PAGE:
The Blue Earth County Attorney’s Office recently dismissed charges of Minnesota Criminal Defamation and Stalking against a client. This case was discussed in an earlier blog post, which you can find here.
The charges stemmed from an email sent by the client that commented on an individual’s sexual preferences and activities and also contained a nude photograph of the individual. While the email probably did not need to be sent, it was still protected speech under the First Amendment. The Blue Earth County Attorney’s Office had a different interpretation and decided to charge our client with Minnesota Criminal Defamation and Stalking. Our client maintained his innocence from day one and we proceeded to put together a constitutional challenge to the charges.
As mentioned in the earlier post, Judge Johnson denied our motion to dismiss, barely addressing the constitutional shortcomings of the Minnesota criminal defamation statute. Following the denial of our motion, we proceeded to prepare for trial and to also gather support for an appeal. As the trial date approached, the State offered what’s known as a Continuance for Dismissal for six months. Essentially, the charges would have been dismissed if the client remained law abiding for the next six months. Ordinarily, this would have been a great offer; however, under the facts and circumstances of this case, it was not enough. Our client rejected the State’s offer and proposed what’s known as a Lothenbach plea, which would have preserved our right to appeal Judge Johnson’s pre-trial ruling. The client agreed to stipulate to the state’s evidence and ask the judge to review that evidence to determine his guilt or innocence. Judge Johnson most likely would have convicted our client of the charges, which would have resulted in an appeal to the Court of Appeals. If the Court of Appeals agreed with our position, the charges then would have been dismissed; if not, the conviction would stand. Clearly, this procedure is fairly risky for the client but we were confident in our position.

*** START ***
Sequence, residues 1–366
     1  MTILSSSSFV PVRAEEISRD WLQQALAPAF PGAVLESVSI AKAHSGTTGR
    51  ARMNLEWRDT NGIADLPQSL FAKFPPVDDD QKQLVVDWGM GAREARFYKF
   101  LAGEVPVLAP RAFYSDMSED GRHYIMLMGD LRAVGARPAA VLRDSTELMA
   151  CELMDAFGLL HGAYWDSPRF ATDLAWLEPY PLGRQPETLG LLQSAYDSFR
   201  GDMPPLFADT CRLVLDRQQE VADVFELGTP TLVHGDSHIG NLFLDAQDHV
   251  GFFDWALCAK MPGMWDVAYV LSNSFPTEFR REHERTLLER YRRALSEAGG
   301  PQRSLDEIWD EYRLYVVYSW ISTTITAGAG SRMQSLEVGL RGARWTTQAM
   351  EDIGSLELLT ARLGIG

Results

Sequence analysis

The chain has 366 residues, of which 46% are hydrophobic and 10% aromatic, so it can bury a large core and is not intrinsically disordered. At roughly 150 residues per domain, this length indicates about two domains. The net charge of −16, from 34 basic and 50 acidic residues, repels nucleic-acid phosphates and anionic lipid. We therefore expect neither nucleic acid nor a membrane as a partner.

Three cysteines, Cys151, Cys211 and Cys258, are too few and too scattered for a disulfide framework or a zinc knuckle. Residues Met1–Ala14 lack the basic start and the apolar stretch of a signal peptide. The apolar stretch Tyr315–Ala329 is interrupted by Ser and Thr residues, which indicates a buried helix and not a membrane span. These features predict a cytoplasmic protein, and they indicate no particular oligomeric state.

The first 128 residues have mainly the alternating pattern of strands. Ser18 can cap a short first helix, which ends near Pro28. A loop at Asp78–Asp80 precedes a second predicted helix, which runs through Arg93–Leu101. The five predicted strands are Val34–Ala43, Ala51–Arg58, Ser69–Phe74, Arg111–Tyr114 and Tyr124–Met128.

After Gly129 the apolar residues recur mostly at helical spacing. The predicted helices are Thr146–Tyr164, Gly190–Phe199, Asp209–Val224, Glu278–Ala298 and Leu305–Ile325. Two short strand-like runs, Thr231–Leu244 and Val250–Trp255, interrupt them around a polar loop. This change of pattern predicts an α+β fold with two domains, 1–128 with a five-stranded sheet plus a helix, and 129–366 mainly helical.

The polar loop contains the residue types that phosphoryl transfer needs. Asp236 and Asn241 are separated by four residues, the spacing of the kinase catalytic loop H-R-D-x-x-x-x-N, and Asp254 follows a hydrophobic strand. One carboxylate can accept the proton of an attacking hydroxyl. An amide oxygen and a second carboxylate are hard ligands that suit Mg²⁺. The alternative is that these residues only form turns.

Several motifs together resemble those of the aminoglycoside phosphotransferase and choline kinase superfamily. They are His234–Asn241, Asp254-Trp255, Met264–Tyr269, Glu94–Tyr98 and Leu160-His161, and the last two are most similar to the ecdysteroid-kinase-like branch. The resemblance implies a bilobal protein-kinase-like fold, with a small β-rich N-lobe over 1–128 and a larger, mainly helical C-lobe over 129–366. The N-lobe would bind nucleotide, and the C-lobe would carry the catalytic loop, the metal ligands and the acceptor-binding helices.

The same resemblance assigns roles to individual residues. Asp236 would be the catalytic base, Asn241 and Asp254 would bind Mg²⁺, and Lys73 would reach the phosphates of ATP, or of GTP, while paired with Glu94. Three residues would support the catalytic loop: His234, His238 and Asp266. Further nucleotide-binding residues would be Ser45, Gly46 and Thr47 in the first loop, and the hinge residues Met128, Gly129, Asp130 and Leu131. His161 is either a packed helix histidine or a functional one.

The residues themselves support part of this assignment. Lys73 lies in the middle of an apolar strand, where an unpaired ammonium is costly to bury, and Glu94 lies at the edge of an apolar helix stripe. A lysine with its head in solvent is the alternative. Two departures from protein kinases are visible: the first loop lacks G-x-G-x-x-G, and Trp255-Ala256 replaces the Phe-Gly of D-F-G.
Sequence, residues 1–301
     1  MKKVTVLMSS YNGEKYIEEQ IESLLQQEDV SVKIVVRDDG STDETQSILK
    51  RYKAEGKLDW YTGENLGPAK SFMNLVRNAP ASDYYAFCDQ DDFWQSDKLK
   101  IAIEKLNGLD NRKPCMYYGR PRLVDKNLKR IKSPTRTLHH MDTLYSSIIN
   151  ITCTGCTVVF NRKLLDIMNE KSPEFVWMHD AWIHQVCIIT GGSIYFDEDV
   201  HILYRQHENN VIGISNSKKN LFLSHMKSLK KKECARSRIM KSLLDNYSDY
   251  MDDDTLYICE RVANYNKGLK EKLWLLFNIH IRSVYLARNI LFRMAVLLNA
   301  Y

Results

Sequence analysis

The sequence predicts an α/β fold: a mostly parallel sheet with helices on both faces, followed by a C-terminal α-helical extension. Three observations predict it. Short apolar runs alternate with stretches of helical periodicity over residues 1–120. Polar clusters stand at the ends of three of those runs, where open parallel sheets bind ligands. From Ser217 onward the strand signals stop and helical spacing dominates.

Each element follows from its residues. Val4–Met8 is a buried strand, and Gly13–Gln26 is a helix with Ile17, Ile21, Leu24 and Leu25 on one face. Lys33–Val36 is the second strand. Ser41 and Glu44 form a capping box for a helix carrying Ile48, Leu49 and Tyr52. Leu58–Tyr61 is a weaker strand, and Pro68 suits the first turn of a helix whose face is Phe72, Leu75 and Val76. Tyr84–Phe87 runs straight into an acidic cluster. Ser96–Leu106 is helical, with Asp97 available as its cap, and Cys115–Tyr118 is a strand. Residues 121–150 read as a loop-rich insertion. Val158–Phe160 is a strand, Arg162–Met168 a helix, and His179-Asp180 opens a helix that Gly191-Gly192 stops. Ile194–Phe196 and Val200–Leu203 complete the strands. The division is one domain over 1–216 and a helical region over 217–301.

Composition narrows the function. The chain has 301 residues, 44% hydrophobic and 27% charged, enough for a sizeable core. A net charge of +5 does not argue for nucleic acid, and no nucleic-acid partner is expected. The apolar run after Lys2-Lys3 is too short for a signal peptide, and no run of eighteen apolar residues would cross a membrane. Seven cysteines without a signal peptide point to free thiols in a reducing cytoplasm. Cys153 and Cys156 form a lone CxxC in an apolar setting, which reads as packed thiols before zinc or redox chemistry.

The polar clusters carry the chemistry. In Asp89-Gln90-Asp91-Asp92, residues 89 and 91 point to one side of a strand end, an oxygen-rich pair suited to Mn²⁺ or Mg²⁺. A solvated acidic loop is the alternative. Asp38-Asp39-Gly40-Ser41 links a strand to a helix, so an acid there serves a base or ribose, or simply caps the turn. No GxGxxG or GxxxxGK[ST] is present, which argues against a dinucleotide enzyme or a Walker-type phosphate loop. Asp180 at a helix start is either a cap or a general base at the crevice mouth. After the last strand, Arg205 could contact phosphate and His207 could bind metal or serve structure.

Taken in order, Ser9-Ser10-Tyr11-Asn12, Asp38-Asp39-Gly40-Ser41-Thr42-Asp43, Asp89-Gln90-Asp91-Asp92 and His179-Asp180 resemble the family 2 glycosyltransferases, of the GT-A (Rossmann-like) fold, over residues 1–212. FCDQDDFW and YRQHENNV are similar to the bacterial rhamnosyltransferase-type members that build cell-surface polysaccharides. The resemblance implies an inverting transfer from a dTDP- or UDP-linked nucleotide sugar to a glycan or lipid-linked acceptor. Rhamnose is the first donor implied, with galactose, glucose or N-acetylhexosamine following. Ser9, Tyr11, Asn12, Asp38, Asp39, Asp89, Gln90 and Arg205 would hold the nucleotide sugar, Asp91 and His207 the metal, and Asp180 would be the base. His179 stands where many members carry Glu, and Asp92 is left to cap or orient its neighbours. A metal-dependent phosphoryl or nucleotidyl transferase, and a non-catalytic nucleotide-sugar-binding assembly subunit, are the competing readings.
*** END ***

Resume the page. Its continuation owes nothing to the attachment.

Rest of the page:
The State really does not have much to lose in this situation. It is essentially getting a conviction, followed by an appeal. The State would have to defend the appeal and attempt to argue that the Minnesota criminal defamation statute is constitutional. Rather than standing behind the charges filed and defending the statute on appeal, the State dismissed all charges against our client the day before we were scheduled to return to court.
This was a big win for the client. The catch, however, is that Minnesota’s criminal defamation statute continues to be in force and the State can continue to charge individuals with this crime under an arguably unconstitutional statute. At least until someone challenges that statute at the Court of Appeals.
If you think we can help you or someone you know fight your criminal charges, contact our St. Paul criminal defense attorneys today.